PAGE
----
Computer use and cervical spondylosis?

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I have been off work since the end of May and Cervical Spondylosis was diagnosed by the Occupational Health doctor via the Local Authority for whom I work. This discomfort and pain started and deteriorated whilst working on the computor at work. The OH doctor says it is age related and will not attribute this problem to the fact that I spend most of my working life in front of a computor. I have had physio and acupuncture and they say it is to do with posture. This treatment has not resolved the problem and I have now been refered to the Ortheopedic Service. I am fighting this with the help of Unison. Has anyone out there had a similar experience. :evil:

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  • Posted

    Gerry mate, I was like you I really loved my job - decorating people's houses is a very rewarding way of life - it's like being an artist, and you meet so many nice people - and of course you get paid for it!! But I believe it was the decorating that was the main cause for my CS.

    I wasn't possible for me to carry on, I started to get dizzy spells, you cant be working 30' up a ladder and get dizzy like I was.

    I had absolutely no choice but to give it up and go on Incapacity Benefit, and believe me I really didn't want to.

    This is why I called you \"lucky\" Nobody who has got CS is lucky, we're all in a lot of pain - but with me it progressed to such an extent that it became unbearable. I've been trying to get DLA - read my page to see what this country is like when you try to make a claim. It will shock you, because it does me - I'm still fighting, one day when you can no-longer do the decorating , you may thank me for what I'm trying to do for \"us\" sufferers. All the best, Alan

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    • Posted

      Hi Guest, I got mine from desk work but it sounds like yours is also a form of RSI, i.e. bending the head back over extended periods which strains the neck. 

      When I started getting neck pain in my 40's I tried being part time and then in the last couple of years had to change career completely - very difficult to do when most jobs out there that are not computer based are also really badly paid, so the drop in income has been and continues to be really difficult to cope with. 

      However, as soon as I stopped working with computers my neck pain has gone, so I would say to anyone to stop when you get the warning signs by doing a different job so that you can heal. 

      Guest, have you tried alternative therapies that are relaxing such as yoga, aromatherapy and gentle forms of therapy such as cranio-sacral therapy?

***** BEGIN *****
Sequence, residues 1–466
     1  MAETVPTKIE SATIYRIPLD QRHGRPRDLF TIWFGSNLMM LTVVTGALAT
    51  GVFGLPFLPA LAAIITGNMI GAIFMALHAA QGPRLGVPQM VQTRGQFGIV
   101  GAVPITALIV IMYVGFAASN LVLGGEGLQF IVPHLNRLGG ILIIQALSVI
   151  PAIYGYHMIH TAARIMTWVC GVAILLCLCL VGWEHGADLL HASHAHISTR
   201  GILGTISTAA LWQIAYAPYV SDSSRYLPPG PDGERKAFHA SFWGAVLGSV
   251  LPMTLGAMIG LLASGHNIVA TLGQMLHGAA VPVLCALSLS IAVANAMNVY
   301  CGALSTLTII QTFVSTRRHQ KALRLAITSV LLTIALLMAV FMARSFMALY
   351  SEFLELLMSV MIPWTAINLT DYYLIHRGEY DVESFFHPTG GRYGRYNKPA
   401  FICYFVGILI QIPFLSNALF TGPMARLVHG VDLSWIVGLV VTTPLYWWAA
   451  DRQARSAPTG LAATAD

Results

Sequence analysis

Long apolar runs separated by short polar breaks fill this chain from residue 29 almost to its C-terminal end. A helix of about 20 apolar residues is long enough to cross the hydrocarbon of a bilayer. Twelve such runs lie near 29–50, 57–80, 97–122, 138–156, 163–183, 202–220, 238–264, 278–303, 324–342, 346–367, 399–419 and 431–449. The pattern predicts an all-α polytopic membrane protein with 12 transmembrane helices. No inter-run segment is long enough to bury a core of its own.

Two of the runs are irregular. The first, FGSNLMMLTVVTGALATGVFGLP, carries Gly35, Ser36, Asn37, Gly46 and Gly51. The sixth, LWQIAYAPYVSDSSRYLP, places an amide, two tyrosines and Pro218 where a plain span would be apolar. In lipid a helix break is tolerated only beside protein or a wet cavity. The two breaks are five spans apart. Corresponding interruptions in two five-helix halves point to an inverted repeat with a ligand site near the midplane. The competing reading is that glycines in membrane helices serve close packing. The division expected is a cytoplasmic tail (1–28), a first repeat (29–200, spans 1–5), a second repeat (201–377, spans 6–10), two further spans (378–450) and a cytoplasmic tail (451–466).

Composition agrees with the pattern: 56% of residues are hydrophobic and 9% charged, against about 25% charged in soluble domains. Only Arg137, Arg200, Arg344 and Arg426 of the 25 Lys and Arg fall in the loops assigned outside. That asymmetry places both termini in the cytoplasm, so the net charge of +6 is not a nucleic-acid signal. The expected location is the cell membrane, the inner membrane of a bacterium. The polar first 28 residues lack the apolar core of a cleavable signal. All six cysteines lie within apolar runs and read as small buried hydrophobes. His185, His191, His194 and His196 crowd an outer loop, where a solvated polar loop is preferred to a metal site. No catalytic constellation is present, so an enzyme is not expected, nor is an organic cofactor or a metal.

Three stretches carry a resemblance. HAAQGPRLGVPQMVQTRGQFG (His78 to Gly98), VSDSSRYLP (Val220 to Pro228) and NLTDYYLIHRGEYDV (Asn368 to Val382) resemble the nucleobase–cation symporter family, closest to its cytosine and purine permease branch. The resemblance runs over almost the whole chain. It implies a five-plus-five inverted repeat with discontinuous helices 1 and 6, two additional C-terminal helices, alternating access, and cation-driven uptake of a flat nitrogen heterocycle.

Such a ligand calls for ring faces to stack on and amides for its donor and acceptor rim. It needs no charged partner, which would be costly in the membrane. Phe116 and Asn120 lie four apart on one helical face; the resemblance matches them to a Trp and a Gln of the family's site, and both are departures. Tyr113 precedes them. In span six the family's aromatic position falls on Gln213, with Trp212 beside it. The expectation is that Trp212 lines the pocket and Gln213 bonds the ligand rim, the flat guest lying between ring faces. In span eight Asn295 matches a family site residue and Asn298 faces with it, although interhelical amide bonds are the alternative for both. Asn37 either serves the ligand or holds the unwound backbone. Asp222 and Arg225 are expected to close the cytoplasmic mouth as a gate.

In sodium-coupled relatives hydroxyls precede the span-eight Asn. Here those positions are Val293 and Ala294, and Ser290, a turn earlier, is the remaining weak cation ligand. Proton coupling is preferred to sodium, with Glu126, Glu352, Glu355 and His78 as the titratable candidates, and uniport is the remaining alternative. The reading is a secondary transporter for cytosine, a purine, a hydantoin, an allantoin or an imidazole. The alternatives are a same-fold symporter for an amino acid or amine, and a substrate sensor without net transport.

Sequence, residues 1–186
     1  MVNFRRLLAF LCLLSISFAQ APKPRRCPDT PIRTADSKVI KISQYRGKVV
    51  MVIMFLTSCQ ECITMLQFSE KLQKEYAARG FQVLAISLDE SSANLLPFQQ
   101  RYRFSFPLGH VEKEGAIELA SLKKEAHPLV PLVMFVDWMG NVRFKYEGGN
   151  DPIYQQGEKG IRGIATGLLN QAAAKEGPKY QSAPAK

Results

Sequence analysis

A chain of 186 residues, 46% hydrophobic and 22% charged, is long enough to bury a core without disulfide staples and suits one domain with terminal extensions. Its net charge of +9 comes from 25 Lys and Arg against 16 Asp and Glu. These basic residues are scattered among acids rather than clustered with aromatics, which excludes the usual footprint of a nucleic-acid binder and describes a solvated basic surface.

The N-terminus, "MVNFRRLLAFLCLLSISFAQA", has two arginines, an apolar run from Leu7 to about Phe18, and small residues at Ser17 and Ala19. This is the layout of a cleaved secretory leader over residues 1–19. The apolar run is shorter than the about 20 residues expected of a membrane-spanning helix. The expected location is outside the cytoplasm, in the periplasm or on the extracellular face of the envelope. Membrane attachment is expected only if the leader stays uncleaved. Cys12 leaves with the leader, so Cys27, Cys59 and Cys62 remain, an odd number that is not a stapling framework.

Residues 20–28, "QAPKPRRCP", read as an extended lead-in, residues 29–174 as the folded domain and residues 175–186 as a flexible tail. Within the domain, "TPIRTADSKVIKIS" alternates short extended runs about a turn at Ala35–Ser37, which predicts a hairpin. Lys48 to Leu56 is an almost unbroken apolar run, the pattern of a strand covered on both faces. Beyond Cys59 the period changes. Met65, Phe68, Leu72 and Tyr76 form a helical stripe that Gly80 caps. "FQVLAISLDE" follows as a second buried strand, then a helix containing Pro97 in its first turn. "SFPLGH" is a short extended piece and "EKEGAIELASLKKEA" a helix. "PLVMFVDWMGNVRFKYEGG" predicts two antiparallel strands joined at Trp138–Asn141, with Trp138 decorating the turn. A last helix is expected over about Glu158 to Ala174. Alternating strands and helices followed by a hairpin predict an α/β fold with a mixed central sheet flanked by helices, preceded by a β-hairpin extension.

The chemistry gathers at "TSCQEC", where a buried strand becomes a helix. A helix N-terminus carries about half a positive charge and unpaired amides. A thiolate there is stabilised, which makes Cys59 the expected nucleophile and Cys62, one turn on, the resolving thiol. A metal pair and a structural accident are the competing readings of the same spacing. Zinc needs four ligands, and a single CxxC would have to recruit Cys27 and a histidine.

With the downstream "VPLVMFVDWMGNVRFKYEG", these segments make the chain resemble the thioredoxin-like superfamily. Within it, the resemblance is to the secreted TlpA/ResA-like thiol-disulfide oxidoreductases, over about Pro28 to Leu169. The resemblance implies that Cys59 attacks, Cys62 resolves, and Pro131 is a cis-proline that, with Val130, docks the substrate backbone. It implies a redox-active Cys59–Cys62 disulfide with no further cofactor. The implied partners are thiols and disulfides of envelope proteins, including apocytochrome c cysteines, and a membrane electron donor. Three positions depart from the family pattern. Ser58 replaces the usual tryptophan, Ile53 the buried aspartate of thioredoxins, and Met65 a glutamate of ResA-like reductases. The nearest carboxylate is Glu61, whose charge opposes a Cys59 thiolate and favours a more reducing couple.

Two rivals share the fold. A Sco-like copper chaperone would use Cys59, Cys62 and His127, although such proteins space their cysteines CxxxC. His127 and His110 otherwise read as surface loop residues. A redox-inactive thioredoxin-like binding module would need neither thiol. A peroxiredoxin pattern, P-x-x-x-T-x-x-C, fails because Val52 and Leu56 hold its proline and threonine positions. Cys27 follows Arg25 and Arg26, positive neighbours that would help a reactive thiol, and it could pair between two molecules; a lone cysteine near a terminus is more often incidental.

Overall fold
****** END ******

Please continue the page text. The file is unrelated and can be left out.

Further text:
It's such a shame no-one warns younger people that this will happen to them if they spend 20 or 30 years doing the same thing over and over as you can see the same thing continuing to happen to many people in the future. 

      Good luck with DLA

      Christine

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  • Posted

    Hi rob what has unison said as I have this condition and also had severe carpal tunnel in both hands which were operated on last year I have to go to an informal meeting at work regarding my sickness but some days I am in agony 

    many thanks

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  • Posted

    Hi Rob, I am 51, and have spent over 30 years working as an accountant so starting at computers very intensively most of that time as a full time accountant. In my forties I started getting bad neck pain that was stopping me sleeping and dizziness. I went to the doctor got an x-ray and was told I had cervical spondylosis which was just wear and tear. I did also have a neck trauma when I was 14 after a blow to the head so looking back I wonder if this has pre-disposed me to the condition. But I am sure that without a doubt computer use is either partly or wholly to blame, but if you try to suggest this no-one will accept it. You will find a campaign of silence on the subject and I believe this is because computers are now so central to most jobs that it would cause such a disruption to peoples lives to change long held habits. When I left one job and gave the reason the fact that working with computers was giving me migraines, foggy head etc and feeling awful, I was told that would not be the 'official' reason for me leaving. Employers don't want to accept that something so intrinsic in working life is potentially so damaging to health. And instead you will be scapegoated as being weak or defective in some way.